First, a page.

Obesity Linked to Lower Remission, Higher Disability in RA Patients
Patients with rheumatoid arthritis whose body-mass index scores are higher have lower rates of remission and higher rates of disability, and effective weight screening and management should be a central feature of RA management, according to new research findings presented this week at the 2017 ACR/ARHP Annual Meeting in San Diego.
Rheumatoid arthritis (RA) is a chronic disease that causes pain, stiffness, swelling, and limitation in the motion and function of multiple joints. Though joints are the principal body parts affected by RA, inflammation can develop in other organs as well. An estimated 1.3 million Americans have RA, and the disease typically affects women twice as often as men.
There are established links between inflammation, obesity and joint dysfunction. Researchers in the United Kingdom conducted a study to more clearly define how these conditions translate into clinical disease activity and functional disability in RA patients. The study explored associations between body-mass index (BMI) and both the achievement of disease remission or low disease activity and functional ability in RA.
“Obesity is increasing in prevalence and represents a global health concern. It has been implicated as a risk factor for developing RA, and is an increasingly prevalent comorbidity seen on first presentation of RA,” said Elena Nikiphorou, MD, a researcher in the Academic Rheumatology Department at King’s College, London, and a lead author of the study. “There is growing recognition that the inflammatory states mediated by obesity and those by inflammatory rheumatic diseases share common pathways. Some have suggested that in fact, obesity is a low-grade, chronic inflammatory condition. Thus, in RA co-existing with obesity, both autoimmune and obesity-mediated inflammatory states may work together, affecting disease activity and consequently important disease outcomes and quality of life.”
The researchers used data from two consecutive, multicenter RA inception cohorts with similar design, both in the United Kingdom: the Early RA Study (ERAS) and the Early RA Network (ERAN). Recruitment figures and median follow-up were 1,465/10 years with a maximum of 25 years for the ERAS patients, 1,236/six years with a maximum of 10 years for the ERAN patients. The researchers recorded standard demographic and clinical variables at baseline and then annually until loss to follow-up or the end of study follow-up.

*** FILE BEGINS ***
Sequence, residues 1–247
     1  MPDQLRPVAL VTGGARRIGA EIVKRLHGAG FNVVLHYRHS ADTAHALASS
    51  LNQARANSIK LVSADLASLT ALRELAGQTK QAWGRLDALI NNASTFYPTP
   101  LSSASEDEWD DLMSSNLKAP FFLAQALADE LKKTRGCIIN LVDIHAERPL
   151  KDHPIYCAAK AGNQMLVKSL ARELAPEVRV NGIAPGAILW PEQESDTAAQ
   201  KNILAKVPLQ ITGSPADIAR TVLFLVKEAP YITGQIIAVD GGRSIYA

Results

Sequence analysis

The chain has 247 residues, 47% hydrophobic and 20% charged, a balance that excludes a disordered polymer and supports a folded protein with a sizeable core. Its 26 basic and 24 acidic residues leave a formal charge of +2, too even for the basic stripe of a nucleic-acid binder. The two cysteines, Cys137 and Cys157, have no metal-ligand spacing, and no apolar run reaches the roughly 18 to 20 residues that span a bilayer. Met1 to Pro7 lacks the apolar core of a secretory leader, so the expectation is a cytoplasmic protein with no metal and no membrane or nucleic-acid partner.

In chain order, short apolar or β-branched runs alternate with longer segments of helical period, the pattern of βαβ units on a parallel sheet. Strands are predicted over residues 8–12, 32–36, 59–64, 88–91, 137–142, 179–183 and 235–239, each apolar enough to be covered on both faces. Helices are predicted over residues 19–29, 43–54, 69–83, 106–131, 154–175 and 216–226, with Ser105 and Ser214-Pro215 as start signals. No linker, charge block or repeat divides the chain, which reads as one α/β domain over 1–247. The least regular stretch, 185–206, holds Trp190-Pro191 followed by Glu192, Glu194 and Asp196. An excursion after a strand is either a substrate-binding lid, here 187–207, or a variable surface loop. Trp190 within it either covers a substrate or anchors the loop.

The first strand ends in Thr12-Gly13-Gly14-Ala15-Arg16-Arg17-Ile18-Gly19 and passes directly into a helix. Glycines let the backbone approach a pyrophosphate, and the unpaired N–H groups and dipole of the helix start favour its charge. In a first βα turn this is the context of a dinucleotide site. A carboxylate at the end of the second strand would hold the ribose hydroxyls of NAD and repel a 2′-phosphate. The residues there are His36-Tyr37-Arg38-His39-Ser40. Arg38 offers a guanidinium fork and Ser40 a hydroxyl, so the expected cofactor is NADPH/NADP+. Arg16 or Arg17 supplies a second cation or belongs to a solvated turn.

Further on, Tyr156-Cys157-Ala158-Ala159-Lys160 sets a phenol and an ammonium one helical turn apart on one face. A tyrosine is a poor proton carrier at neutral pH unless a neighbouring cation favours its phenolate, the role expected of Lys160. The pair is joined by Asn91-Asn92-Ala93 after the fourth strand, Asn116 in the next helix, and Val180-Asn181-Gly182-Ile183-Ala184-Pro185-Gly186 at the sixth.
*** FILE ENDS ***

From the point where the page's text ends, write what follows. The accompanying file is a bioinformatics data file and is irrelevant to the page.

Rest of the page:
The baseline BMI data from 90 percent of the RA patients showed that 37.2 percent were overweight and 21.3 percent were obese. The mean BMI at baseline was 25.5 in the ERAS group and 27.6 in the ERAN group, and this increased over five years. In models that adjusted for age, sex and year of recruitment, higher BMI was associated with reduced odds of the patients achieving Remission-DAS (R-DAS) and Low-DAS (L-DAS) scores, two key measurements of low disease activity. Higher BMI also predicted higher disability rates among these patients. Specifically, obesity increased a patient’s odds of higher disability by 63 percent, and higher DAS scores also strongly predicted higher disability.
“Our study’s findings demonstrate the increasing prevalence of obesity in RA patients and its negative consequences on disease activity, achieving a treat-to-target low disease activity goal and good functional outcomes,” said Dr. Nikiphorou. “Obesity is potentially a reversible comorbidity and sucessfully treating it can contribute to better disease activity and functional outcomes. Based on our data, there is a strong argument to include obesity screening and management as a central part of all treatment plans for RA patients.”
Reference: Abstract Number: 2372; Obesity and the Impact on Treat to Target Goals and Functional Ability in RA. Results from Two Multi-Centre UK Inception Cohorts, Elena Nikiphorou, King’s College London, London, United Kingdom, Sam Norton, King´s College London, London, United Kingdom, Patrick Kiely, St George’s Hospital, London, United Kingdom and Adam Young, University of Hertfordshire, Hertford, United Kingdom